The panel unanimously concludes this case is suitable for decision without oral argument. See Fed.R.App.P. 34(a)(2).
Filed November 23, 2010.
Daniel Patrick Hanlon, Hanlon Law Group, a Professional Law Corporation, Pasadena, CA, for Petitioners.
Patrick James Glen, Esquire, OIL, Trish Maskew, Esquire, Erica Miles, DOJ-U.S. Department of Justice, Washington, DC, Chief Counsel Ice, Office of the Chief Counsel, Department of Homeland Security, San Francisco, CA, for Respondent.
On Petition for Review of an Order of the Board of Immigration Appeals. Agency Nos. A070-784-320, A070-784-321, A070-784-324, A070-784-325.
Before: TASHIMA, BERZON, and CLIFTON, Circuit Judges.
This disposition is not appropriate for publication and is not precedent except as provided by 9th Cir. R. 36-3.
Enrico Rivera and his family, natives and citizens of the Philippines, petition for review of the Board of Immigration Appeals' order dismissing their appeal from an immigration judge's decision denying their claims for asylum, withholding of removal, and protection under the Convention Against Torture ("CAT"). We have jurisdiction under 8 U.S.C. § 1252. We review for substantial evidence factual findings. Zehatye v. Gonzales, 453 F.3d 1182, 1184-85 (9th Cir. 2006). We deny the petition for review.
The incidents of mistreatment at issue, including pushing Rivera into a taxi, pushing his wife at the front door of their home, and the general, unfulfilled threats of harm to Rivera and his family, do not compel a finding of past persecution. See Nagoulko v. INS, 333 F.3d 1012, 1017 (9th Cir. 2003) (incidents of pushing by police did "not compare to the severity of physical abuse that in other cases we have deemed persuasive to show persecution"); Hoxha v. Ashcroft, 319 F.3d 1179, 1182 (9th Cir. 2003) (unfulfilled threats constituted harassment rather than persecution). Furthermore, substantial evidence supports the agency's finding that Rivera failed to establish an objective fear of persecution because the politician he opposed and fears problems from died, and he has not established an objective basis for fearing harm from the politician's son. See Nagoulko, 333 F.3d at 1018 (crediting petitioner's subjective fear but concluding her fear was "too speculative" and thus "not objectively reasonable under the circumstances of this case"). Accordingly, we deny the petition as to Rivera's asylum claim.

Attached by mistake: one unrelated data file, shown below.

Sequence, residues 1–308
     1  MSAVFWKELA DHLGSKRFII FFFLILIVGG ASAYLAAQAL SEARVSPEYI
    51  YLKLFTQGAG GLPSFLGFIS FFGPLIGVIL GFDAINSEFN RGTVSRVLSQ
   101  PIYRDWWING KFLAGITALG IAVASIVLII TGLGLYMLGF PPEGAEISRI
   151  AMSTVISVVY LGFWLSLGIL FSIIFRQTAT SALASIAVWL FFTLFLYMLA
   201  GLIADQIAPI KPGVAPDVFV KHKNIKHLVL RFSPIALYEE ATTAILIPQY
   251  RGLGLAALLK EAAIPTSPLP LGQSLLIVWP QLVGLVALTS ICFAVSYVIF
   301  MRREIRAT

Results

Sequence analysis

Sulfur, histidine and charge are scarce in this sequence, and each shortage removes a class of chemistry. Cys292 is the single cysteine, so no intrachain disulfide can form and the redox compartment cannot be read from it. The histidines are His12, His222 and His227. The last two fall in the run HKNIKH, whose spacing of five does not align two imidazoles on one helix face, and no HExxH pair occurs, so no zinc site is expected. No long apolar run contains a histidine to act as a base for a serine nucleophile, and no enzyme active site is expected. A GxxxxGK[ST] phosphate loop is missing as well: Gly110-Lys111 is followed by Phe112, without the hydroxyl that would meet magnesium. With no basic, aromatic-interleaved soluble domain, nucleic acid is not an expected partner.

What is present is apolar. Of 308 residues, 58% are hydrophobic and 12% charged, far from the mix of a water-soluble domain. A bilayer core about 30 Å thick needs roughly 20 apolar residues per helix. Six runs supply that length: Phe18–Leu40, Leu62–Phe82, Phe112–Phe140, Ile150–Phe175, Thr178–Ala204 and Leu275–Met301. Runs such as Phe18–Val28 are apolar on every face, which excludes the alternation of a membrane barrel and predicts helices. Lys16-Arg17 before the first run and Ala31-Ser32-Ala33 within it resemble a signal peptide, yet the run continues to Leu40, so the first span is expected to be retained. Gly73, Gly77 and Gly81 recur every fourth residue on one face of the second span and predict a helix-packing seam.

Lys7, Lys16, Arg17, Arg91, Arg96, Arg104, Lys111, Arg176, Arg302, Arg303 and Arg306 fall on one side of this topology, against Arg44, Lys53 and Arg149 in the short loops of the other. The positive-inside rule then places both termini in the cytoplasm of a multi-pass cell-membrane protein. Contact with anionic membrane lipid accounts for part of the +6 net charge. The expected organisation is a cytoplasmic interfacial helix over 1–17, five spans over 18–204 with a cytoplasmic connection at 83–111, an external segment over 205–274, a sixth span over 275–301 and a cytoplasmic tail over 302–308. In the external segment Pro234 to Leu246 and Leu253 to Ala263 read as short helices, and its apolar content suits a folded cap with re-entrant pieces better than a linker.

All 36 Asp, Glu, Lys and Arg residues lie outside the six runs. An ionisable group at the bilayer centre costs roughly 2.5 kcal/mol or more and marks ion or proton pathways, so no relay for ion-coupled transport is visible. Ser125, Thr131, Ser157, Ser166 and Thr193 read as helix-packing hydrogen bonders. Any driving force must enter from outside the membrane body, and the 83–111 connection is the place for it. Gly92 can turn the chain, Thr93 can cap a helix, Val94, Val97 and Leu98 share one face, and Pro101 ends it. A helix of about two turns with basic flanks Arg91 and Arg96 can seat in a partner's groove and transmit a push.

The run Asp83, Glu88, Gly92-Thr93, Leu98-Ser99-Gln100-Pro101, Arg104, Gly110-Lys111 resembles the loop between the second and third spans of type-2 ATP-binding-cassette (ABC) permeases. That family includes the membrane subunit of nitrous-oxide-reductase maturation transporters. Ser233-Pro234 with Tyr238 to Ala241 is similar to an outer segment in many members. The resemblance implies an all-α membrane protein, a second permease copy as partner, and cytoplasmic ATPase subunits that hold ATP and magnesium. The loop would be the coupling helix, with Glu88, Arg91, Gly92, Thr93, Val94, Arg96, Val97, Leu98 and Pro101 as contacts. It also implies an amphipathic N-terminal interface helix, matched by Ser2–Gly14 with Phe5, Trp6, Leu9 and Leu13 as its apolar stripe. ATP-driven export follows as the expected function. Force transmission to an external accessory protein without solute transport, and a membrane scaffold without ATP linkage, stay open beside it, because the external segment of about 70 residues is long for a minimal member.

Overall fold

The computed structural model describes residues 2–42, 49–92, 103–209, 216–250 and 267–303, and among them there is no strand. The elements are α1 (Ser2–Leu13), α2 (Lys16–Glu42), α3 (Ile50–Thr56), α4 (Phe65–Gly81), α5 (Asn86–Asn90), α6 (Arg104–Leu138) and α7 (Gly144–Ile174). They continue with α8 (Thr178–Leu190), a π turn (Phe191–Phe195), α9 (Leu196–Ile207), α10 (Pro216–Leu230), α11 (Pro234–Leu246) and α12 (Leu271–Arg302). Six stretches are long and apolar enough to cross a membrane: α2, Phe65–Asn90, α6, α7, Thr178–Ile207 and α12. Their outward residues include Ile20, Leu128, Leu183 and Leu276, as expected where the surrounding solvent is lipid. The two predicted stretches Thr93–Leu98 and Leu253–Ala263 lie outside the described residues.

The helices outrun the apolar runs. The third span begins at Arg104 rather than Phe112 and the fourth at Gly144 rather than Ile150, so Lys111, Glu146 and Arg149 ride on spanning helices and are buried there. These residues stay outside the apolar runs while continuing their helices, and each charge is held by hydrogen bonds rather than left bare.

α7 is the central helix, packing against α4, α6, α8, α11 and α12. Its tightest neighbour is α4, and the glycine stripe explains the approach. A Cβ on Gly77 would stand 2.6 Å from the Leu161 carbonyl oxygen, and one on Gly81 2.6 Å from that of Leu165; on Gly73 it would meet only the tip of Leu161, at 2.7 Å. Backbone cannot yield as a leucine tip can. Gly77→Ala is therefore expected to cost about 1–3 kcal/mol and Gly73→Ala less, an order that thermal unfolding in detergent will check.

Because Rivera has failed to meet the lower standard of proof for asylum, his claim for withholding of removal necessarily fails. See Farah v. Ashcroft, 348 F.3d 1153, 1156 (9th Cir. 2003).
Finally, Rivera's only argument regarding CAT is the erroneous statement that establishing eligibility for withholding of removal establishes his eligibility for CAT relief. See Castro-Perez v. Gonzales, 409 F.3d 1069, 1072 (9th Cir. 2005) (CAT claim waived where petitioner argued only that standards for restriction on removal and CAT relief were the same and did not "specifically and distinctly" argue and raise the issue of relief under CAT) (internal citation and quotation omitted). Accordingly, we deny the petition as to Rivera's CAT claim.